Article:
There are the cookbooks I hoard simply to page through their elaborately rendered contents and daydream, and then there are the ones I actually cook from. You can usually identify which is which pretty easily: the former are pristine, the latter, dog-eared and grease-stained with pages warped from spillage. While practical is a word I eschew in regard to most areas of my life (particularly my closet), in the kitchen, I embrace it with open arms. And if accessibility is what you’re after, Julia Turshen is your cooking spirit animal. The accomplished private chef and cookbook writer (she worked on the excellent Buvette book with Jody Williams) collects the recipes that get the most mileage in her own kitchen, along with countless helpful ideas (like, add a few drops of water to your pan while cooking eggs to create steam that will render the whites perfectly set), in her new book Small Victories (Chronicle Books), shot by a pair of our Gather favorites, Gentl + Hyers, and all of it written in a breezy, friendly tone whose subtext is clear: you can do this; in fact, anyone can do this. Because, as Turshen points out, if you learn to appreciate the small victories (like that aforementioned egg trick) that can happen when you’re cooking, you’ll be more open and relaxed in the kitchen. And really, who doesn’t want that? FV
TURKEY + RICOTTA MEATBALLS
SERVES 8, OR 4 WITH LOTS OF LEFTOVERS (MAKES ABOUT 30 MEATBALLS)
The first thing I ever cooked for my wife, Grace, were these meatballs. I made the mixture at my apartment, then packed it up with a box of pasta, ingredients for sauce, and a pot (she told me she had only a skillet) and took it all to her apartment . . . which soon became my apartment, too. A small victory here is not only about getting someone to marry you (!), but also about making meatballs that are incredibly light and tender by incorporating a generous amount of ricotta cheese in the mixture. In fact, I’ve found that by adding ricotta, you can skip the usual bread crumbs and eggs (which also makes this recipe gluten-free, if that’s important to you)—I love any addition that allows you to let go of a few things. Another small victory is baking the meatballs instead of frying them. It’s much less messy and so easy—win-win. Please note that while most of the recipes in this book serve four, I’ve made this one a bit larger because whenever I make meatballs, I like to make a ton so that I can freeze some. That way, I can have meatballs on the spur of the moment. I thought you might like that too, but feel free to cut the recipe in half if you prefer. Serve the meatballs with pasta, polenta, rice, garlic bread, or just on their own! Whichever way you choose, be sure to sprinkle them with plenty of grated Parmesan cheese.
Two 28-oz [794-g] cans whole peeled tomatoes
7 Tbsp extra-virgin olive oil
7 garlic cloves; 4 thinly sliced, 3 minced
1 cup [40 g] fresh basil leaves, finely chopped
1 cup [40 g] fresh Italian parsley leaves, finely chopped
1 ½ cups [300 g] fresh whole-milk ricotta cheese
½ cup [50 g] finely grated Parmesan cheese
2 lb [900 g] ground turkey (preferably dark meat), at room temperature
Pour the contents of the tomato cans into a large bowl (set the cans aside) and crush the tomatoes with your hands (this is a messy but fun job, and a very good one for children). Rinse one of the cans with about ¼ cup [60 ml] water, pour it into the second can and swish it around to get all the excess tomato out of the cans, and then pour the water into the tomato bowl.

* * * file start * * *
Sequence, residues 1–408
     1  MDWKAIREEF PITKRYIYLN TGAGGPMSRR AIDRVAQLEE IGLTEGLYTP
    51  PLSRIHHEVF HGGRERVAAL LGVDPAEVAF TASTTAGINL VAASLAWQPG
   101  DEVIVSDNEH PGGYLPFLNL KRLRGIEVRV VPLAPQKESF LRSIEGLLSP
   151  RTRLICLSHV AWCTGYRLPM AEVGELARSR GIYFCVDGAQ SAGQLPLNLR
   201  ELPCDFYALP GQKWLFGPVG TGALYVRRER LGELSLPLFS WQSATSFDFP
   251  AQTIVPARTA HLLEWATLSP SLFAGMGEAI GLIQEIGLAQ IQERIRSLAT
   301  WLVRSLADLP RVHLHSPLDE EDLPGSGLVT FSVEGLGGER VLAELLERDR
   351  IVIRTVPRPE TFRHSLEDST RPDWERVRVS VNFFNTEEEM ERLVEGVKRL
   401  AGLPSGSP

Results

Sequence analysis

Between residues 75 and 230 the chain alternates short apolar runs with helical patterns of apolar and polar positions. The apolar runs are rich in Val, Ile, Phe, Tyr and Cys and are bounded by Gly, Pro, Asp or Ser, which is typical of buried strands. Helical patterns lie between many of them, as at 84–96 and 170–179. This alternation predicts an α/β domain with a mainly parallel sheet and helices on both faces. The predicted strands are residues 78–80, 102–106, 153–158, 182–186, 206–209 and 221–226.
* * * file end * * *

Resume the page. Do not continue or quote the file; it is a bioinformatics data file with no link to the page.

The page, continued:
In a large saucepan or pot over medium-high heat, warm 3 Tbsp of the olive oil, add the sliced garlic, and cook, stirring, until it begins to sizzle, about 1 minute. Add the tomatoes and a very large pinch of salt and bring to a boil. Lower the heat and let the sauce simmer, stirring every so often, until it is slightly reduced and has lost any tin-can taste, about 30 minutes.
Meanwhile, preheat your oven to 425°F [220°C]. Line a baking sheet with aluminum foil. Drizzle 2 Tbsp olive oil on the baking sheet and use your hands to rub it over the entire surface of the sheet. Set aside.
In a large bowl, combine the minced garlic, basil, parsley, ricotta, Parmesan, turkey, and 1 Tbsp salt. Blend everything together gently but authoritatively with your hands (they’re the best tool for the job) until well mixed. Then, use your hands to form the mixture into golf ball–sized meatballs; the mixture will be sticky, so wet your hands with a bit of water to help prevent the meat from sticking to them. Transfer the meatballs to the prepared baking sheet as you form them (it’s okay if they are touching a little). Drizzle the meatballs with the remaining 2 Tbsp olive oil and roast until they’re browned and firm to the touch, about 25 minutes.
Use tongs or a slotted spoon to transfer the meatballs to the simmering sauce (discard whatever juice and fat is left on the baking sheet). Cook the meatballs for 10 minutes in the sauce (they can be left in the gently simmering sauce for up to 1 hour) and serve.
FOR SAUSAGE AND RICOTTA MEATBALLS, instead of ground turkey, use 2 lb [910 g] of your favorite sausage meat. Just take it out of its casings and proceed as directed. I like using half sweet and half spicy Italian sausage.
FOR A SLIGHTLY MOROCCAN RIFF, use ground lamb instead of turkey and finely crumbled feta instead of Parmesan. Leave out the ricotta. Add a handful each of toasted pine nuts and raisins to the mixture, and use mint instead of basil. Add a cinnamon stick to the tomato sauce (remove it before serving the meatballs).